Tuesday 29th November 2022 Font size:

Green steel and onshore lithium poised to reduce emissions

Friday, November 11th, 2022

Plans to produce green steel in the Pilbara and a push to process lithium onshore could lead to a reduction in greenhouse gas emissions in the iron ore and steel sectors.

Zero Emissions Steel Technology (ZESTY), developed by Australian technology company Calix Limited, produces steel using green hydrogen rather than coal and hope that its technology will lead a downward trend in harmful emissions.

“If you look at iron and steel, it’s responsible for about seven per cent of global CO2 emissions – that’s nearly 1.5 billion tonnes a year, so a huge problem,” chief executive Phil Hodgson said.

“Nearly 44 per cent of (Australia’s) export income comes from the export of iron ore, so if the whole industry is looking to decarbonise, Australia should be playing a major part in that.”

Calix’s technology will replace coal with green hydrogen roasted through its ZESTY iron process at lower temperatures and released steam as a by-product instead of CO2.

There are hopes this will replace the traditional steelmaking practices, where coal is used to separate oxygen from iron at very high temperatures.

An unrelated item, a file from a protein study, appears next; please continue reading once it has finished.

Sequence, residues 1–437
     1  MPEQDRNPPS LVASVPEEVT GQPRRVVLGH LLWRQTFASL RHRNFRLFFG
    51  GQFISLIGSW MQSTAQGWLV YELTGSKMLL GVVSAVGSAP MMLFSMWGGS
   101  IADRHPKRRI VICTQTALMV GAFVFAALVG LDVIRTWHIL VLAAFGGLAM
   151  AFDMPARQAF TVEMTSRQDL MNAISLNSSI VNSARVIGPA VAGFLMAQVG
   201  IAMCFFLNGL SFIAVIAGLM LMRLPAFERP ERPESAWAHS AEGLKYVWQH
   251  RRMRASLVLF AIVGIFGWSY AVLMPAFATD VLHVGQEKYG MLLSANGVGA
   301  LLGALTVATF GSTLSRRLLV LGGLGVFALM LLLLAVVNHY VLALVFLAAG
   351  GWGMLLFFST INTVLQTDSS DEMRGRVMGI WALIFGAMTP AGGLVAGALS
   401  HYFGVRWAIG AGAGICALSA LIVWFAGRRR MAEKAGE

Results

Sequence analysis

The traditional method releases 1.8 tonnes of carbon dioxide for every tonne of steel produced.

“You can start to decarbonise the whole of the global industry by making a green iron here, capturing more value here,” Hodgson said.

Calix has been producing 2000 tonnes of green steel per year at its trial site in Bacchus Marsh, Victoria, and hopes to increase that to 30,000 tonnes at its first commercial demonstration plant.

Hodgson expects the commercial demonstration facility would be built in the Pilbara, close to the country’s major iron ore producers and anticipated hydrogen projects.

He acknowledged the cost of production in its early stages would be “reasonably expensive”, but said there was high demand for green steel.

“We’re pretty confident that once we can start to produce this we’ll find markets for it, because there’s a huge demand for zero-emissions steel and that demand will only increase over time,” Hodgson said.

The commercial demonstration facility is expected to be operating in 2024.

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